MINNEAPOLIS (WCCO) -- As more police departments begin equipping officers with body cameras, a new type of camera is being tested by cops nationwide.
What makes it different is that it's mounted on a weapon, and automatically turns on when the gun is pulled from the holster.
Officers in Independence and Maple Plain will be some of the first to test it out in Minnesota.
Monday they showed us how it works.
Sgt. Rick Denneson is one of three officers with the West Hennepin Public Safety Department who'll will take part in a pilot program beginning in November.
He shared a video with us -- a simulation of a high risk traffic stop shows what a camera mounted directly on a police officer's gun could record.
"The weapon-mounted camera is built so that as soon as I take the weapon out of my holster, it automatically comes on," Sgt. Denneson said.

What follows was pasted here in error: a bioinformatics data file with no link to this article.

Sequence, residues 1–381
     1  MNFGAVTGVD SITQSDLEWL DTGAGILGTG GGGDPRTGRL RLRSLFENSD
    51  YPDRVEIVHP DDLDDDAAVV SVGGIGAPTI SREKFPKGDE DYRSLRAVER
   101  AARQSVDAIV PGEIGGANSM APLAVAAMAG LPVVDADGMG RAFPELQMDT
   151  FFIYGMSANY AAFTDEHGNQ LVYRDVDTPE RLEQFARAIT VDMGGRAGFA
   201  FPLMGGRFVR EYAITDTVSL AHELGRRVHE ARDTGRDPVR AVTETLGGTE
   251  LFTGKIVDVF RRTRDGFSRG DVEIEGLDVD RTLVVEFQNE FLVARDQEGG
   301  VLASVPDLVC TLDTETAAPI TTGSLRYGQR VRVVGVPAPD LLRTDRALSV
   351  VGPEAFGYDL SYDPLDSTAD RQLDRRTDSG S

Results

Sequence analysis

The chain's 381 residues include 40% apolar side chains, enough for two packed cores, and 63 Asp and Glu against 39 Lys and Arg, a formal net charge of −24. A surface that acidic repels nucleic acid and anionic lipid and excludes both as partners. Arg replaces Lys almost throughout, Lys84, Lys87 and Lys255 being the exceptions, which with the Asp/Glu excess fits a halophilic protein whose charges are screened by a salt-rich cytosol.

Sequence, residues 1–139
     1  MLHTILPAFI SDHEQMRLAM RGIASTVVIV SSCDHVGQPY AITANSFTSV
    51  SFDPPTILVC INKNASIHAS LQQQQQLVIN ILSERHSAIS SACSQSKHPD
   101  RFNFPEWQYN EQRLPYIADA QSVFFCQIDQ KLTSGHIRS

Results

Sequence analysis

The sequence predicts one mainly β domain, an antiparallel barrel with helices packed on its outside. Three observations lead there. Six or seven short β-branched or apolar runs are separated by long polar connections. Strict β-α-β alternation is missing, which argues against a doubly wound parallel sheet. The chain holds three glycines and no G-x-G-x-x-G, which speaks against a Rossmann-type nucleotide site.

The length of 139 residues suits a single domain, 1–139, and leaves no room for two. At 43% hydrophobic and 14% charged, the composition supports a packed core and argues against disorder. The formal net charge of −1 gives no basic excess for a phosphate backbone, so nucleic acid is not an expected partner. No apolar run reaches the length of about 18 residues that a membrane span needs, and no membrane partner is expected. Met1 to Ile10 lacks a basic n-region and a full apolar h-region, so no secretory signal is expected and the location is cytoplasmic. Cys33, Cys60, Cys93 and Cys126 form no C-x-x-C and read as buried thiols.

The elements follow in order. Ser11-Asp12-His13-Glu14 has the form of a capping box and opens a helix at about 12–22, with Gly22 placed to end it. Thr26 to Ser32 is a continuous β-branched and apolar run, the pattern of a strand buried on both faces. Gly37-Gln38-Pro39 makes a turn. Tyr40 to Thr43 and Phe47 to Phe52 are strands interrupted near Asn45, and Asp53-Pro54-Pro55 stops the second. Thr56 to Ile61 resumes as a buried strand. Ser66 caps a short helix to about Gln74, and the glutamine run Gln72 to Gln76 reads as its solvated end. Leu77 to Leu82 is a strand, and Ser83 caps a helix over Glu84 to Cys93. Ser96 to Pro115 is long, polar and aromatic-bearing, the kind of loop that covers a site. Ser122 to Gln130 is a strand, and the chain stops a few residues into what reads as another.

It eliminates the risk of the camera not being turned on, as we saw in the high-profile case of Justine Damond who was shot and killed by a Minneapolis police officer who didn't activate his body camera.
It also offers an unobstructed view.
"A lot of times we will see where an officer's arms or hands will come up in front of the camera and block that view as they hold the weapon in front of them," Sgt. Denneson said.
The department was approached by Viridian Weapon Technologies in Maple Plain, to test their weapon-mounted cameras in the field.
One of the criticisms of the technology is that it doesn't capture the interactions that lead up to an officer pulling out his or her gun.
But Sgt. Denneson says the cameras mounted in their patrol cars and the wireless microphones on officer's bodies provide that.
"I think it's better video at the high level use of force times, audio and video captured from a pretty much unobstructed view at the end of the weapon to see what's happening," he said.
Sgt. Denneson says the cost is about $500 a camera and they will consider the purchase after a three month trial period.
Viridian says they are talking with other police departments in Minnesota and they've reached agreements with departments in St. Petersburg, Florida and Williams, Arizona to launch pilot programs there.
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